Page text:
The most interactive learning experiences explicitly engage the learner in a process of decision making and feedback. The primary model for such instructional activity was developed by Michael Allen and is referred to as CCAF. In this sequence, a learner is provided with a Context in which to apply learning with an urgent Challenge and an Activity in which to respond to the challenge. Feedback is given to enforce the learning.


The level of interactivity selected for certain elements within a learning experience, or for the experience as a whole, should be determined by a careful needs analysis conducted by an experienced online learning designer. Higher interactivity is not necessarily better, as some learning objectives can be accomplished most effectively without interactivity, via a simple text page or video. A learning designer can help match each learning objective with a strategy to meet the goal in the most effective, efficient and engaging manner.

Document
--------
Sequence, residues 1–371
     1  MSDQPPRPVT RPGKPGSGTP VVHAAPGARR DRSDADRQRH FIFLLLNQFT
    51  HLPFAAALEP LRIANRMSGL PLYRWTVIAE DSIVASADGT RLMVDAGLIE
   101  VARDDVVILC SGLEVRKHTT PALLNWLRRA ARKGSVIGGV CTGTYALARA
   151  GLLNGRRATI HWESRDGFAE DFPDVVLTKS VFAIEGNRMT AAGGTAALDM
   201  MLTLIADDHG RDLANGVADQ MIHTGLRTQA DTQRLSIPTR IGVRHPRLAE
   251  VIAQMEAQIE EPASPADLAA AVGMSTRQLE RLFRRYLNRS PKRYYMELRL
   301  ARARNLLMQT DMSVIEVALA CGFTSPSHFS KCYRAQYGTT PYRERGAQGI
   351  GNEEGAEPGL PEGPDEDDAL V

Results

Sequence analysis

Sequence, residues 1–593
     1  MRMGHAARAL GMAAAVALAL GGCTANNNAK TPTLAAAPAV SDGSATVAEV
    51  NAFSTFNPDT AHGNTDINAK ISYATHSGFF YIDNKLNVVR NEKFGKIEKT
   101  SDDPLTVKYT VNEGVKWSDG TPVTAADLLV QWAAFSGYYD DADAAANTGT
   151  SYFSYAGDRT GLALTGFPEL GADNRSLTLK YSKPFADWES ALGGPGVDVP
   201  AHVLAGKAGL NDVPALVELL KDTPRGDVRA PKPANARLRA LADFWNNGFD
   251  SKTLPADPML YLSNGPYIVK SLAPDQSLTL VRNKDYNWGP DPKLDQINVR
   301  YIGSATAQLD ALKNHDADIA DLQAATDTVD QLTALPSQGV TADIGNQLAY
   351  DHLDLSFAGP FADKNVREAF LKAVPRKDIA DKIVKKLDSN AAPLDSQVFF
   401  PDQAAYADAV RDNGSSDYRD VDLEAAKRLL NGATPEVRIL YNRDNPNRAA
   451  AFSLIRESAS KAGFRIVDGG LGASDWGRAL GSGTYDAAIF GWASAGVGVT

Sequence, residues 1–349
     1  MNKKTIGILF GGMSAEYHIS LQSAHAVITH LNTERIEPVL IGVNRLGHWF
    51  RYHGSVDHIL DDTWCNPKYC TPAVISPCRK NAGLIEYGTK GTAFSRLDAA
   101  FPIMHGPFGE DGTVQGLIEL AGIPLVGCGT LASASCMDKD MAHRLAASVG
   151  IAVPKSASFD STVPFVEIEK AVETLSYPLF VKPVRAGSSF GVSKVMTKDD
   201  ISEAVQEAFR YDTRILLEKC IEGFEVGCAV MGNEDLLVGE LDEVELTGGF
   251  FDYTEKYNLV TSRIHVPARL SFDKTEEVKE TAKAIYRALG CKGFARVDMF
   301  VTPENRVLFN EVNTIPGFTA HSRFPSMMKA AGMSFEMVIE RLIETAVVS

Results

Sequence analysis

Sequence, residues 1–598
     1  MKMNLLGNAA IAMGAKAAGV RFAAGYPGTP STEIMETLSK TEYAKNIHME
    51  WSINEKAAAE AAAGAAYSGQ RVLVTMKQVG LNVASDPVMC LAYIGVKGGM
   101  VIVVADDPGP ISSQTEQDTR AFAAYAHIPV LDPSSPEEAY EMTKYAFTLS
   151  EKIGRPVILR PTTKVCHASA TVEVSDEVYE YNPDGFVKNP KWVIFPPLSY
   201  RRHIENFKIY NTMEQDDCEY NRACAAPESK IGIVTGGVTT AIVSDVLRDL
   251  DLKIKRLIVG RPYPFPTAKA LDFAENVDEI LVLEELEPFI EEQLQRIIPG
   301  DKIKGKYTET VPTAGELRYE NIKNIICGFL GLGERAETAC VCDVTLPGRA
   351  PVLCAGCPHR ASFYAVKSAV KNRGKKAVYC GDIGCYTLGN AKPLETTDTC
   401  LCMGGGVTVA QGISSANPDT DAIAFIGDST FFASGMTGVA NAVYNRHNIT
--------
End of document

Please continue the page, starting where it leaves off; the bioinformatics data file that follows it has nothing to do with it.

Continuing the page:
Image Sources: https://bonlinelearning.com.au/blog/are-we-there-yet-determining-elearning-development-time/; http://www.alleninteractions.com/elearning-instructional-design-ccaf


When a designer says this, they are following the lead of many others in using Dr. Don Kirkpatrick‘s name as a noun. In the 1950’s, he developed what is now the primary model used for evaluating training and development programs in the modern workplace. The model consists of four levels: Reaction, Learning, Behavior, and Results. The following table provides an outline of the purpose and best application for each level:

Level  Value Timing Participation